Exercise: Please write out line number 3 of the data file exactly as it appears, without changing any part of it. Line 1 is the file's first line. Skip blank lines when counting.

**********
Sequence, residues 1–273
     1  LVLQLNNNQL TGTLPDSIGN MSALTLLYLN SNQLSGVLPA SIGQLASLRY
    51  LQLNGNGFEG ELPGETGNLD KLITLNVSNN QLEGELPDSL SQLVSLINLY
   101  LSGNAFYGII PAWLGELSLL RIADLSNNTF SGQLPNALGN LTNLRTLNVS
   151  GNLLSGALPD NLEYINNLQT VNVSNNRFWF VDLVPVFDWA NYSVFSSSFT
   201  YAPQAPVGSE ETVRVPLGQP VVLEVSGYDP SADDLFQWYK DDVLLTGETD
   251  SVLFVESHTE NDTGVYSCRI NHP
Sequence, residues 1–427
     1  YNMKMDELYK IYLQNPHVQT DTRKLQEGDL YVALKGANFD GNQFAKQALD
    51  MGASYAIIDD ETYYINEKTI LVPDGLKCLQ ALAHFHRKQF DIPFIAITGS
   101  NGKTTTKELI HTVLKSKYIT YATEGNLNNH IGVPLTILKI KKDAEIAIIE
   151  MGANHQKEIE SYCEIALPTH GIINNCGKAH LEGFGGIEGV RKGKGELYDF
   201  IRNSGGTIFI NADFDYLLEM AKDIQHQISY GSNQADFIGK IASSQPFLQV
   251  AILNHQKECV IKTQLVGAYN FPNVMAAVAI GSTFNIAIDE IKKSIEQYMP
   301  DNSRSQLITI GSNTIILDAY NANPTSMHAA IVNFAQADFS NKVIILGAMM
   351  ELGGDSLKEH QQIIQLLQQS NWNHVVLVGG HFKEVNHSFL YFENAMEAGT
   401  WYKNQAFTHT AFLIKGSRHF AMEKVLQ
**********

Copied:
    51  LQLNGNGFEG ELPGETGNLD KLITLNVSNN QLEGELPDSL SQLVSLINLY